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In Memory Of Pets Newsletter
November 2003


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We have gotten so many positive responses for our

"In Memory Of Pets Newsletters".

In dealing with Pet Loss Grief and Pet Loss Support, there
are many resources on the site to help in dealing with the loss of our beloved ones.


This Month's November Newsletter in Pet Wellness:

Cherry Eye In Dogs

Dogs have an eye condition not found in humans, a third eyelid or nictitans membrane. This membrane has an important tear producing function, in that it produces about 30% -40% of the dog's tears. There is little known what causes the condition as studies are not quite clear if this is heredity or genetic. The membrane also has a protective function in that it can be pulled up to cover the eye when the eye is irritated or injured. Unfortunately, there are certain breeds of dogs, Cocker Spaniel, Boston Terrier, Bull Terrier, English Bulldog, Lhasa Apso, Beagle, Bloodhound, Shar Pei, etc. that are genetically susceptible to a condition called "cherry eye" wherein the gland protrudes from its normal position in the eye. This is the result of a weakness of the connective tissue that holds the gland in its place and is seen as bulge in the corner of the eye. The gland (s) can become irritated, red and swollen. There is sometimes a mucous discharge. If the dog rubs or scratches at the eye, they will cause further irritation, infection and could cause an ulcer on the cornea.

Failure to treat the condition can lead to damage of the gland and loss of or decrease of function. At one time, the procedure to remove this was done to remove just the growth only, but with research studies in the veterinarian field in the study of the eyes, this surgery is not recommended and can cause dry eye in later years and cause discomfort.

There are several schools of thought on how to treat this condition:

· Through surgery by an ophthalmologist wherein an incision is made in the conjunctiva (eyelid), the gland is tucked into the slit and sutured into place. This is a rather expensive procedure with a success rate of approximately 50%. It does however, eliminate the possibility of "dry eye" or Keratoconjunctivitis sicca (KCS) that can result from removal of the part that is protruding. Dry eye can be a nuisance as well as expensive to deal with and treat over the lifetime of the dog.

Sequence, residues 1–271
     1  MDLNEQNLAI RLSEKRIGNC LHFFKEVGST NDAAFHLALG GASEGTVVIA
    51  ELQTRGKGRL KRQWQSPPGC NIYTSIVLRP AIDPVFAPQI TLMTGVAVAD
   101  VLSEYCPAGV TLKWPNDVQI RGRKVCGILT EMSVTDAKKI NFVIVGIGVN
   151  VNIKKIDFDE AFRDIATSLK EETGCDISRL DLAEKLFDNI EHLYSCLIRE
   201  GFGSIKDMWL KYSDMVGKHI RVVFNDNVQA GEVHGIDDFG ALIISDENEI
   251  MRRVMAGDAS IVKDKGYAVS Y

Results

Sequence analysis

· If the third eye lid is removed, this increases the changes dry eye.
· Surgical snipping of the protruding part. This does present a slight possibility of the dog developing "dry eye" and the possibility of some change in facial expression.
· Do nothing and see if the condition improves as the pet gets older. It is uncertain if the situation will improve as the dog gets older but, worth waiting to see. The best advice on what to do can be gotten from a veterinary ophthalmologist.

The surgery for correction of this condition is done on an outpatient basis and the dog can go home after recovery from the anesthetic. Post-operative care consists of topical and/or oral antibiotics and the wearing of an Elizabethan collar. Care should be given to watch the dog during this time of recuperation.

 


Please Note:

As always your Veterinarian is the best source of information and
treatment for questions or problems that may exist.

If you have any suggestions or comments or would like to add to
our "Monthly Newsletter",


please e-mail:

Carole Miller
or
John Mingo

"Our Thank You To All"

WE want to thank all our volunteers and special folks who have shared their
open feelings in support and caring in responding to others in our "Guest Book"
and our "Message Board" and for the continued support for all that
In Memory Of Pets has to offer from our hearts..

Bless all who come to "In Memory Of Pets" in sharing loving feelings
for their beloved ones.

John, Carole and Staff



* Should you wish to make a contribution you may do so to:
In Memory of Pets
278 Cedar Road
Hershey, PA 17033
Attn: Kenneth L. Miller Secretary/Treasurer

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http://www.in-memory-of-pets.com/donations.asp
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